Past events have featured Hamilton Book Award winner for Scripting Jesus: The Gospels in Rewrite Dr. L. Michael White, and acclaimed author, library advocate and Texas favorite, Sarah Bird.

To become a Libraries donor and receive invitations to events like this one, please visit our online giving page.

Happily Buried in Music

A few of the 300+ postal bins of CDs from KUT.

Anyone who is a regular user of campus delivery for music deliveries from the Fine Arts Library will find great joy in news of a massive new acquisition of materials from a local Austin institution.

KUT-FM recently moved into their new KUT Public Media Studios, and in an effort to maximize their space, a decision was made to offload 40+ years of physical media. After a near fruitless effort to dispose of the items through a public purchase offering as required by state law, the collection was offered up for the Fine Arts Library — an offer which was quickly pounced upon by Libraries administrators.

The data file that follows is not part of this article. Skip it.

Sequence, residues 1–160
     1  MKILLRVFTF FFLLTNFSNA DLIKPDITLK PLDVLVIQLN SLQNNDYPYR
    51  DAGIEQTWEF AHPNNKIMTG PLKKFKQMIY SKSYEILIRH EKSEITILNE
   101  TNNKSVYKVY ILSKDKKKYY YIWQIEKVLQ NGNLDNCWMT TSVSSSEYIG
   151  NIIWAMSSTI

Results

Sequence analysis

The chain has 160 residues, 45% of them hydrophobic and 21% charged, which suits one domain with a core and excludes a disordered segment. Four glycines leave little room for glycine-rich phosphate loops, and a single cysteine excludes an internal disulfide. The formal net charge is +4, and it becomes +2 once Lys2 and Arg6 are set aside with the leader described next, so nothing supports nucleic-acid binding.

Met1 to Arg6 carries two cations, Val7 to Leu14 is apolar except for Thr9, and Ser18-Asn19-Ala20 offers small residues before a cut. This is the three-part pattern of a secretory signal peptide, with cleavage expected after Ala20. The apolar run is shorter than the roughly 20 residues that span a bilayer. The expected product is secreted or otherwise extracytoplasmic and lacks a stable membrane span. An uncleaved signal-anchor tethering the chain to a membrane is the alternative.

FAL is now the proud repository of an additional 60,000 CDs (doubling the current circulating collection) and 4,000 vinyl records, all of which become accessible to the denizens of campus and visitors to the library…after, of course, an arduous effort to process the vast cache of materials is complete.

More about the acquisition here.

Everything old is new again

In a harried world where you can hardly escape the din of constant communication and the proliferation of electronic gadgets, there’s a nascent desire to slow down and take in the mad rush of life. You can find this peaceful revolt against modernity in the community of vinyl music enthusiasts or the slow food movement or in DIY communities that encourage personal creativity and self-sufficiency. And now there’s a community of like-minded folks who have found a similar passion in a device that is an almost perfect antithesis to modern concepts of technology.